KOMPAN Play Institute | Research Article

A Design Checklist for Success with Inclusive Playgrounds

a group of children playing on a playground.

The Inclusive Playground Checklist

The inclusive playground checklist draws on the above evidence-based findings, the KOMPAN Play Institute's many years of research, and their article, Play for All (2020). All elements of the checklist are scientific, observational, experience-based, and intermesh with universal playground design principles, centralizing around three key questions:

  1. Can users get around the playground?

  2. Can users stay in the playground?

  3. Can users play in the playground?

Download the research-based checklist

A research-based approach to inclusive playground design

Playgrounds allow children to explore, have fun, and develop essential physical, cognitive, and social skills. However, for children with disabilities or special needs, traditional playgrounds can present significant barriers to participation and enjoyment. This is where inclusive playgrounds come in.

When designing an inclusive playground, you need knowledge based on thorough research, including user participation, as well as insights from universal playground design principles. Key data and insights we've gathered from years of independent research is now compiled into an easy-to-use checklist. We hope this checklist serves as a guide in designing your own playground – one that puts accessibility, inclusivity, and usability at the forefront, so children of all abilities have the opportunity to learn and grow through play.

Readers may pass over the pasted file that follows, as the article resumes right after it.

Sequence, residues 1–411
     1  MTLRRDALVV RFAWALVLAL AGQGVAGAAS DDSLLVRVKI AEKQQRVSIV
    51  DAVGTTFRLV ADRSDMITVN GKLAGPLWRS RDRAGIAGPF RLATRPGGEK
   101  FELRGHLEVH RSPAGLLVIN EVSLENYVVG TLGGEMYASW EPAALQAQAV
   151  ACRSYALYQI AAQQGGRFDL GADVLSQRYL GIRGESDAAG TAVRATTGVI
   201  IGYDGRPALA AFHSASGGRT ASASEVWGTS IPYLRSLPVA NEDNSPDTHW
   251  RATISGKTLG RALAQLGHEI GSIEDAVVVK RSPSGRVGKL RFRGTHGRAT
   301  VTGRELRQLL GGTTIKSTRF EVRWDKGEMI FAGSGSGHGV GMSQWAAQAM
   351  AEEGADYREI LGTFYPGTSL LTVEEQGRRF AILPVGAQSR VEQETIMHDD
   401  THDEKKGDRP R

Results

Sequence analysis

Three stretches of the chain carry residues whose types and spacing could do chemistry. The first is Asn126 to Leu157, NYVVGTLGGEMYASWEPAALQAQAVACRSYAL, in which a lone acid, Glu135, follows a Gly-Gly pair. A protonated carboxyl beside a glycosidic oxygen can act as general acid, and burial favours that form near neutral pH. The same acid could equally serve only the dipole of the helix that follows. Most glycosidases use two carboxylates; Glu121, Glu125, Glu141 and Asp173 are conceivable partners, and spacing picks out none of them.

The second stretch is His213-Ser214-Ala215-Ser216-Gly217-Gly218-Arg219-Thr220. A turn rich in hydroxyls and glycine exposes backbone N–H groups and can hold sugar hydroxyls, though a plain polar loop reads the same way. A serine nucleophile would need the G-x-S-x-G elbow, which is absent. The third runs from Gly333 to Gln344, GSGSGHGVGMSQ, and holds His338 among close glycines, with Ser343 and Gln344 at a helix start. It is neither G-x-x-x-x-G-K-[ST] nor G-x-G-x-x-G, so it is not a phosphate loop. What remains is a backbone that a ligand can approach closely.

One piece of research that informed this checklist was a survey carried out in 2018 by the KOMPAN Play Institute. In this survey, 54 families with children with disabilities in Denmark were asked a series of questions to help us understand how they used local playgrounds. Here are their main takeaways:

  • Regarding accessibility and usability, 57% of children in the survey who use wheelchairs stated that they rarely or never visit their nearest playground, and 47% said they would visit less than once a month, which is quite limited. Furthermore, 71% of wheelchair users found their nearest playground inaccessible, and a staggering 93% found the usability of their nearest playground to be below average.